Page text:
TAICHUNG, Taiwan, The China Post Staff
Following several years of strong and steady growth, the European Chamber of Commerce Taipei (ECCT) has topped 300 corporate members, representing some 500 individual members for the first time. ECCT CEO Guy Wittich attributed the milestone, which marks a 50 percent increase over the past two years, to the chamber’s growing reputation for lobbying and networking.
“People are joining us not only because they want to provide input on improving Taiwan’s business environment, but also to meet their rivals and to find new clients,” Wittich said. Wittich said the chamber’s 24 industry committees, covering sectors such as retail, banking, pharmaceuticals, and environmental protection, play a critical role by keeping members updated on industry developments.
“The committees represent the front line of business in Taiwan. Members can trade war stories and raise issues facing their industries, which we can then help to solve,” Wittich noted. Since the ECCT has more committees than any other foreign chamber in Taiwan, it is the only organization addressing some issues.
“We are the only one in Taipei covering the retail, luxury goods, and automobile sectors,” he said.
The committees are becoming increasingly sophisticated, with the Automotive Committee planning to hire its own staff member to help with the lobbying effort.
“This will be a first in Taiwan and will help push the issues farther and faster,” he said. He stressed that in addition to visiting officials such as Premier Yu Hsyi-kun and Economics Minister Ho Mei-yueh, the committee members regularly engage the government at a working level.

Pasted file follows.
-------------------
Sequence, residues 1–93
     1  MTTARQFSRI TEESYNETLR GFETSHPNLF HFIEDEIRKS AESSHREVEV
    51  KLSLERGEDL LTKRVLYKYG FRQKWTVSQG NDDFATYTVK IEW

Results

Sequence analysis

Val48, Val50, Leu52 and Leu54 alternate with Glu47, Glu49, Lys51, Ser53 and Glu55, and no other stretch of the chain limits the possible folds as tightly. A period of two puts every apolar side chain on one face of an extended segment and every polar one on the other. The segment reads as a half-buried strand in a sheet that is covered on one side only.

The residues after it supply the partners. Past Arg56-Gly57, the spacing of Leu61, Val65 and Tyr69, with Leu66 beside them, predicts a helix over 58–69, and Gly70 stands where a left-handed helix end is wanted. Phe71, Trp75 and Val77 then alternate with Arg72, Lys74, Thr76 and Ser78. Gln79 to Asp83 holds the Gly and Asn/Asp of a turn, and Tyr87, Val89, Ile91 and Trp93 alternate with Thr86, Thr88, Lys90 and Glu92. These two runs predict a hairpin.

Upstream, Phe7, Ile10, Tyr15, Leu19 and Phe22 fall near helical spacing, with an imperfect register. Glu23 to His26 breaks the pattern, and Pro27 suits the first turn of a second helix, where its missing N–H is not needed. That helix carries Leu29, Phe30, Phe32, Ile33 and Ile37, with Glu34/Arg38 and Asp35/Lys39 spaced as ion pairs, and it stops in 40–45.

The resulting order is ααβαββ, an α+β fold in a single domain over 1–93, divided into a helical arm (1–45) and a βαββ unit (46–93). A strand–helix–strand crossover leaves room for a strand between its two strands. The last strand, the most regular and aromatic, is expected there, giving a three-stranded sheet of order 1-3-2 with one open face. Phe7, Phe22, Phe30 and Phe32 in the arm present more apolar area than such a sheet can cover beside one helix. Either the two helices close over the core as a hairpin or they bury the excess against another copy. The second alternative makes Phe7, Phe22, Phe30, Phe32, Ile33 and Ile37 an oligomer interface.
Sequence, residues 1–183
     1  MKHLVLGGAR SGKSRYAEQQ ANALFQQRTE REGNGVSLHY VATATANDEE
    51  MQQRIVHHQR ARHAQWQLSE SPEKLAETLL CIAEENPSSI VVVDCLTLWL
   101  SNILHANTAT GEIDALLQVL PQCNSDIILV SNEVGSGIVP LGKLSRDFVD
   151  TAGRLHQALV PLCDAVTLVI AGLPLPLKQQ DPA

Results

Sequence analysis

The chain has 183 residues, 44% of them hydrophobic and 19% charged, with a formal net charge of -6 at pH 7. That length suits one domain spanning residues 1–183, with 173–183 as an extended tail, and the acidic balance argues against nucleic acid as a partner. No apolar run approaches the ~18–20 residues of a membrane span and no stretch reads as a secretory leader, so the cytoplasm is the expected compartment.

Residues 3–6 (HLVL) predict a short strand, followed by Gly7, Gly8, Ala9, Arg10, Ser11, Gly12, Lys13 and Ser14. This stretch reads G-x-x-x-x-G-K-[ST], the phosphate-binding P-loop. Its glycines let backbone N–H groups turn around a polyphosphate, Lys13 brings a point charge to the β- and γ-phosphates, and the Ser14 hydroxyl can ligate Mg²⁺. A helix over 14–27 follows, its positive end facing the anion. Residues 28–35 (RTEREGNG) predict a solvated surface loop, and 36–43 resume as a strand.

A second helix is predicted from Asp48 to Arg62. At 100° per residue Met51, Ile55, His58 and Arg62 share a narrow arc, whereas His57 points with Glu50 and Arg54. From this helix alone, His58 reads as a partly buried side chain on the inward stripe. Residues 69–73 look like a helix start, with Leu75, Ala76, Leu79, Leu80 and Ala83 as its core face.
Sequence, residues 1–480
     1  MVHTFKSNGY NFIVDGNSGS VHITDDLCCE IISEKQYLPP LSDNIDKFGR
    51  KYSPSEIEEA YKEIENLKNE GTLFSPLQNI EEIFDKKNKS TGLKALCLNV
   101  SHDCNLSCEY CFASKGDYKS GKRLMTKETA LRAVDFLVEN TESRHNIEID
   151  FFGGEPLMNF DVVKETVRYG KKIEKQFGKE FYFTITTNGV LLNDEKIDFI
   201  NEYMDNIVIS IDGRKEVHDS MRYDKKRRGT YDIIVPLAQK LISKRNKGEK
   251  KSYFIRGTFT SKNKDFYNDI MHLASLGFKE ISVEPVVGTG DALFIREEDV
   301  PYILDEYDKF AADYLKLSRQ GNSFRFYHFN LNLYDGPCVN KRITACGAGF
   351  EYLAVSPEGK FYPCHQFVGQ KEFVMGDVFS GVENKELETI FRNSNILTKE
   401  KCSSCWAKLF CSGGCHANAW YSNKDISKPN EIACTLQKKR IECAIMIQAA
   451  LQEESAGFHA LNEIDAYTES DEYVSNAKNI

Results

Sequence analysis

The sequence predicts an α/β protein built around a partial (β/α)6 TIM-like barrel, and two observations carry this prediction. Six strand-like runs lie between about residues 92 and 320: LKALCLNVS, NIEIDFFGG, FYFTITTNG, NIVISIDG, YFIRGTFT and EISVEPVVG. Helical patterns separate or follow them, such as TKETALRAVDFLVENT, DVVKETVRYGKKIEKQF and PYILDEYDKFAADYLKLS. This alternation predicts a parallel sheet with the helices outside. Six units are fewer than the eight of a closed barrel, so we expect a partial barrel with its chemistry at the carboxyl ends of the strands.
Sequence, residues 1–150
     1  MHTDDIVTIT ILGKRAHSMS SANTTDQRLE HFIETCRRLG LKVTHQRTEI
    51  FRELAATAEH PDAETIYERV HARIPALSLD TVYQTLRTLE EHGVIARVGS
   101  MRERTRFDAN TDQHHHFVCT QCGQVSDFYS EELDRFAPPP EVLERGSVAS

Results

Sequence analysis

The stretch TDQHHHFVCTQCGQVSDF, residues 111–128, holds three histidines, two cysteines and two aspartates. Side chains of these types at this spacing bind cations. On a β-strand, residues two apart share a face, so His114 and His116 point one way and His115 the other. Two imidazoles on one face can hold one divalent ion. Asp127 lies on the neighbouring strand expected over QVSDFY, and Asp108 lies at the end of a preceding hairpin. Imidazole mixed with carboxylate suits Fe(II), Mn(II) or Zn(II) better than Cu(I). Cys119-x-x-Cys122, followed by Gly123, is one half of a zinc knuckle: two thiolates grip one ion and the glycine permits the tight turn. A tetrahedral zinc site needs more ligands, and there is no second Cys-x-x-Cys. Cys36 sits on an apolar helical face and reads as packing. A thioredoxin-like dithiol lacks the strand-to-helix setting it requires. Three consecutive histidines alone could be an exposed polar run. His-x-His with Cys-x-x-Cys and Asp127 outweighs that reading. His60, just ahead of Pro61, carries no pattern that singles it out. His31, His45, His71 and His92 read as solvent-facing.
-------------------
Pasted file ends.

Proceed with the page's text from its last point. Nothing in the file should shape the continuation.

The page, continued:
In May, for example, a working group was established between the chamber’s Retail Committee and five Taipei City government departments to deal with retail issues, including land-zoning.
Similarly, the chamber’s Automotive Committee has been closely cooperating with the Bureau of Standards, Metrology and Inspection (BSMI) on issues such as pollution control and safety testing rules for vehicle importers.
“From government procurement to human resources issues, the chamber has been actively and regularly working with the government on practical solutions, and this has gotten a seal of approval from our members,” said Wittich. But government access is only half the story. The chamber is on track to put on more than 160 events this year and this means ample networking opportunities for members.
In addition to its traditional committee meetings and its monthly luncheons with guest speakers ranging from Taipei Mayor Ma Ying-jeou to Far Eastern Chairman Douglas Hsu, the ECCT recently held its Europe Day Dinner, with President Chen Shui-bian being the special guest among the 500 government and business leaders in attendance. And the chamber will show a lighter side with its annual Gala Ball in September. This year’s theme is “Saturday Night Fever.” “It’s not all work and no play. But even when we do let our hair down, it’s still in the interest of building our community,” said Wittich, adding that the ECCT’s public profile has grown this year due to its support of some new events.
For example, the chamber co-organized EuroFest, an all-day food and music event in May, to support the Taipei European School’s building fund.
“EuroFest was a major success, attracting more than 3,500 people and raising consciousness of both the European chamber and school,” Wittich said.
He also pointed to the ECCT-ICRT International Charity Cup, a golf tournament co-organized in the spring that raised over NT$500,000 for the Community Services Center. “We are becoming more diversified,” explained Wittich. “We have boosted our lobbying efforts and increased the quality and number of events for members, but at the same time we are increasingly connecting ourselves to the community.”